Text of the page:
• Where/when have you had the experience Grant describes as being opened by his congregation’s practice of Evensong? Where/when have you been similarly moved?
• What specific features of the Evensong liturgy do you think are most powerfully influencing the community’s experience? How does Grant account for the difference in experience? How do you account for it?
• What do you expect to, need to, hope to experience in worship? What liturgical elements open that experience to you?
• Reflect on Grant’s question: Are there ways, in your own setting, that you have grown so attached to worship as you knew it that any other ways of worshipping are all but unimaginable for you now?
• Reflect on Grant’s question: Is your community trying to share the gospel or just your particular family version of churchiness?
Building off Heidi Campbell’s research on the impact of early forms of online religious communities on offline churches, Campbell and Troy Shepherd read between the lines of both the offline church and the online community, articulating what is seen in looking through them rather than merely at them.
Consciously and intentionally shifting views of the optical illusion of church appearing/disappearing illuminates how the nature of community has shifted over the past few decades. Disappearing is “community” as people gathered together on the basis of a shared institutional affiliation or shared identity; appearing is “community” as constituted by personally driven, changeable, more self-regulated connections. Between the lines we read the need and desire for experiences of relationship, mutual care, acceptance and being appreciated, of connecting in real-time, and communication that has a more intimate character. Between the lines we read how the disappearing church structure, with its patterns of interaction based on institutional affiliation and identity, has become less relevant and more foreign to how people are actually living, relating, and experience personal and communal identity and affiliation.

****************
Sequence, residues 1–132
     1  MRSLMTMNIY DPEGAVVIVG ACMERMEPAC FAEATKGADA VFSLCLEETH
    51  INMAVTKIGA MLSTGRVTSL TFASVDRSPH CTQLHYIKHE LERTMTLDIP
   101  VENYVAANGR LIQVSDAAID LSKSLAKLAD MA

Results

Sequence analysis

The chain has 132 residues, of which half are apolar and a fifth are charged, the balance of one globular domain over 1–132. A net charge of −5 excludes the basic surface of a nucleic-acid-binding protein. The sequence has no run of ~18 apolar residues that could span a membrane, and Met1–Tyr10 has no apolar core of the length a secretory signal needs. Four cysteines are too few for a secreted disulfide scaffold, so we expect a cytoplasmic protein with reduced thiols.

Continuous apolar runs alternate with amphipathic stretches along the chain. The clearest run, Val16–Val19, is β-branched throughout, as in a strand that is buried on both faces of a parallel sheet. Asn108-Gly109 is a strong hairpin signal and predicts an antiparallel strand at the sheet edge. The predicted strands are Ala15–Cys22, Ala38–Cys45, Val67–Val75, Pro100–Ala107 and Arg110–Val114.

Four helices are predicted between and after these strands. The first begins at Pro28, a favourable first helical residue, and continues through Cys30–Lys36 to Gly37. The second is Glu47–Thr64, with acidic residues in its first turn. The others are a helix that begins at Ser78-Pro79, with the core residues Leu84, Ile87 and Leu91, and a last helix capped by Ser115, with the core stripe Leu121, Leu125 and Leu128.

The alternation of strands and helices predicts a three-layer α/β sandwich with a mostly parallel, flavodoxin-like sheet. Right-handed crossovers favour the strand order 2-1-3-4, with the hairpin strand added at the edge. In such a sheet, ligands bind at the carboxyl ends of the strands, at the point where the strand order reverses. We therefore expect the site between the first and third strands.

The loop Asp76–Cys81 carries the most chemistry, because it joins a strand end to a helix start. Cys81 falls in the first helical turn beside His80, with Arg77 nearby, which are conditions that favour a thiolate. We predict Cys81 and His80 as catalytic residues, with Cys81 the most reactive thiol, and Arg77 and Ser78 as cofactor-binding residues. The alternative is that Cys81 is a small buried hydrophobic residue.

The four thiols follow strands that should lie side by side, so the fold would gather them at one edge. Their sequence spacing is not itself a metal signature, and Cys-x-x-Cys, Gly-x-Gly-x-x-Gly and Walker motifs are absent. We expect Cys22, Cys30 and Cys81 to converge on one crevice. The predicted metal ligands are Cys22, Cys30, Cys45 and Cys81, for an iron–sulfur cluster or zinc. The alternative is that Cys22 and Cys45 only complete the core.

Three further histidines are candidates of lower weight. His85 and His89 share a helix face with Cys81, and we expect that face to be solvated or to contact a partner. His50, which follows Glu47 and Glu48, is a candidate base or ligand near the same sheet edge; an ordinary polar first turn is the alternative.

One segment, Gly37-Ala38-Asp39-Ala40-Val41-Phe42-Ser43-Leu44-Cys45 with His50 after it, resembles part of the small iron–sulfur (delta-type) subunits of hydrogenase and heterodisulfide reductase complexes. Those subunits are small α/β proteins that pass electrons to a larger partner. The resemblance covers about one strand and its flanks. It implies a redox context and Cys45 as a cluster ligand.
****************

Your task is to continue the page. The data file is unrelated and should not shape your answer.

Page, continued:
- Consider your own patterns of social interaction, digitally or in-person. Where do you see evidence in your own life of the claim that how you experience community is more personally driven, changeable, and self-regulated? How do you experience the truth or reality of the nature of community changing?
- Consider your congregation’s patterns of social interaction. In what ways do its patterns seem foreign to how you otherwise engage experiences of community? In what ways are its patterns of interaction coherent with how you otherwise engage experience of community?
For a long while, being digitally connected was a way of being church, an expression of church that many have continued to think of as a choice among other ways of being, a preference of expression to be engaged or not. But seeing through the disappearing/appearing church to the landscape beyond, it is clear that there has been a shift, the passing of a tipping point, that rather than some kind of digital connectivity being a choice a community could make, it is itself constitutive of what it means to day to be in community. As digitally mediated conversations have become a whole generation’s primary basis of communication and community, it is the offline community that is the extension of the online community, not the other way around.
- This is a paradigm shift – like the shifting perspective of what is seen in an optical illusion? How do you react to this? How does the image of the appearing/disappearing church work as a symbol or image of this process, help you understand it, help you interpret it?